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Google execs cornered by employees at all-hands, demanding to know why Amazon and Apple are paying more

March 24, 2022, 8:50 PM UTC

The zeitgeist of Google is angry about compensation.

Or should that be the “Googlegeist?”

That’s the name of an annual survey, and Google released the results of the latest edition earlier this month. Though it found that an overwhelming majority of employees are satisfied with the company’s mission and values, as of January, just a little over half said they believed their compensation packages are competitive, a number down from last year.

As you might expect, compensation was a key topic of discussion at a recent all-hands meeting with company executives, CNBC reports.

Via Dory, an internal Google tool the company uses to facilitate dialogue between speakers and attendees during events, employees subjected senior leaders at the search engine giant to a slew of tough questions over pay. Executives including CEO Sundar Pichai and VP of total rewards (compensation and stock packages) Brett Hill were front and center.

“Compensation-related questions showed the biggest decrease from last year, what is your understanding of why that is?” asked one employee.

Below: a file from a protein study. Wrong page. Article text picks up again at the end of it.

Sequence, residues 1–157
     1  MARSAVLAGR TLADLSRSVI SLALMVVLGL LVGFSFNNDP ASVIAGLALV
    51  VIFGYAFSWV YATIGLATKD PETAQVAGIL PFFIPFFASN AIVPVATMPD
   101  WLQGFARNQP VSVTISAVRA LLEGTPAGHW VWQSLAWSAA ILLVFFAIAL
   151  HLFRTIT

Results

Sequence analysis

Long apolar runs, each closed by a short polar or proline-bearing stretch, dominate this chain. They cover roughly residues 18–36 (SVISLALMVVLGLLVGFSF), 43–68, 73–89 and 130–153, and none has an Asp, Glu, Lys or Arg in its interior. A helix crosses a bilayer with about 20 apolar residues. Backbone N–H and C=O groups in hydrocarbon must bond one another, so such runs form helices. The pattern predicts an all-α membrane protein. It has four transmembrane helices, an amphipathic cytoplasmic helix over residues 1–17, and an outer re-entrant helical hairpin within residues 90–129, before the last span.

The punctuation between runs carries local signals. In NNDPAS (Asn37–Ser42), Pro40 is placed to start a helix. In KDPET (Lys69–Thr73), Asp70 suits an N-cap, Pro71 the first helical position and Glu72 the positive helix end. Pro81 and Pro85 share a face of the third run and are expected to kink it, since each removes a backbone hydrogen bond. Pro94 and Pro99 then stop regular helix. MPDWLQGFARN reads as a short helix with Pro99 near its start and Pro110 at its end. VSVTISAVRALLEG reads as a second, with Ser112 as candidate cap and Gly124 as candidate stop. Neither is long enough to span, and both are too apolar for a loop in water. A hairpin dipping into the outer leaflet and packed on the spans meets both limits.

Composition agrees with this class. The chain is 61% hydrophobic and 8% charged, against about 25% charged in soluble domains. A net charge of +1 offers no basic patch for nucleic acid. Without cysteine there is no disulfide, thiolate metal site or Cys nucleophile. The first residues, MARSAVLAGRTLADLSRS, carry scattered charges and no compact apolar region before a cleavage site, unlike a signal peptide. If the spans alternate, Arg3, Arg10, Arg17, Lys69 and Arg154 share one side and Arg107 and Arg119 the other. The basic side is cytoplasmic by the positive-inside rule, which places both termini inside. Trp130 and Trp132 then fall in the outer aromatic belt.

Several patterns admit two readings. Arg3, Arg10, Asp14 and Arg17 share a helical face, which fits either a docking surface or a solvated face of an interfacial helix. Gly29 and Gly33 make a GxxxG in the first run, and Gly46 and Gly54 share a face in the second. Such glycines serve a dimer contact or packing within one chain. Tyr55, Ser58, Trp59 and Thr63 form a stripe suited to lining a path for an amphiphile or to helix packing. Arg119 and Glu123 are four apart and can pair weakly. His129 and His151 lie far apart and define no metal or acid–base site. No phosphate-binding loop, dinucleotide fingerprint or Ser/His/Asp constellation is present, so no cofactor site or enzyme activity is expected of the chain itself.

Hill replied: “It’s a very competitive market and you’re probably hearing anecdotal stories of colleagues getting better offers at other companies.” He also noted that employees are likely feeling the effects of inflation or the impact of location changes on their salaries. 

(Last summer, the company announced that it would alter salaries to reflect local markets for employees who moved or opted to work from home permanently.)

Amazon adjusted base salary cap, Apple reportedly used RSU bonuses,” wrote another employee, who then asked how Google is planning to respond to its corporate peers in terms of compensation in a tight labor market. 

Hill noted that when considering the 81 companies Google typically competes with for talent, there’s been no trouble with recruitment. “We already compare favorably to these companies. We are able to hire from them,” he said. “We will make changes if and when we need to.”

When pushed by another employee about the drop in employee compensation satisfaction, Hill said: “This trend — it is concerning to us and we are keeping a close eye on it.”

“We know that our employees have many choices about where they work, so we ensure they are very well compensated,” said a Google spokesperson in a statement provided to Fortune. “That’s why we’ve always provided top of market compensation across salary, equity, leave, and a suite of benefits. Getting employee feedback is important, and we’ll continue to ensure we pay competitively everywhere our employees work and help them grow their careers at Google.”

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